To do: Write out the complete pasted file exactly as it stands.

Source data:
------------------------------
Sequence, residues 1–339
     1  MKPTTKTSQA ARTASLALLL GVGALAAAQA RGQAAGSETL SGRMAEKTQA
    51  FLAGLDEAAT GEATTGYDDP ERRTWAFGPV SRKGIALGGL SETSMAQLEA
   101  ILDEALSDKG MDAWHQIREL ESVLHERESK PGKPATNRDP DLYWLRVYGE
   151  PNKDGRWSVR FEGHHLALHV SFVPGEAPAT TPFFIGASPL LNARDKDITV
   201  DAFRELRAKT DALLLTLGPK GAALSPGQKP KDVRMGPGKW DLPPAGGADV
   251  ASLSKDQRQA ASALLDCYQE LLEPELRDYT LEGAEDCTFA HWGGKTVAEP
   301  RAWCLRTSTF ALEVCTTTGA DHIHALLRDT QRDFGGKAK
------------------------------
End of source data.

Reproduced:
Sequence, residues 1–339
     1  MKPTTKTSQA ARTASLALLL GVGALAAAQA RGQAAGSETL SGRMAEKTQA
    51  FLAGLDEAAT GEATTGYDDP ERRTWAFGPV SRKGIALGGL SETSMAQLEA
   101  ILDEALSDKG MDAWHQIREL ESVLHERESK PGKPATNRDP DLYWLRVYGE
   151  PNKDGRWSVR FEGHHLALHV SFVPGEAPAT TPFFIGASPL LNARDKDITV
   201  DAFRELRAKT DALLLTLGPK GAALSPGQKP KDVRMGPGKW DLPPAGGADV
   251  ASLSKDQRQA ASALLDCYQE LLEPELRDYT LEGAEDCTFA HWGGKTVAEP
   301  RAWCLRTSTF ALEVCTTTGA DHIHALLRDT QRDFGGKAK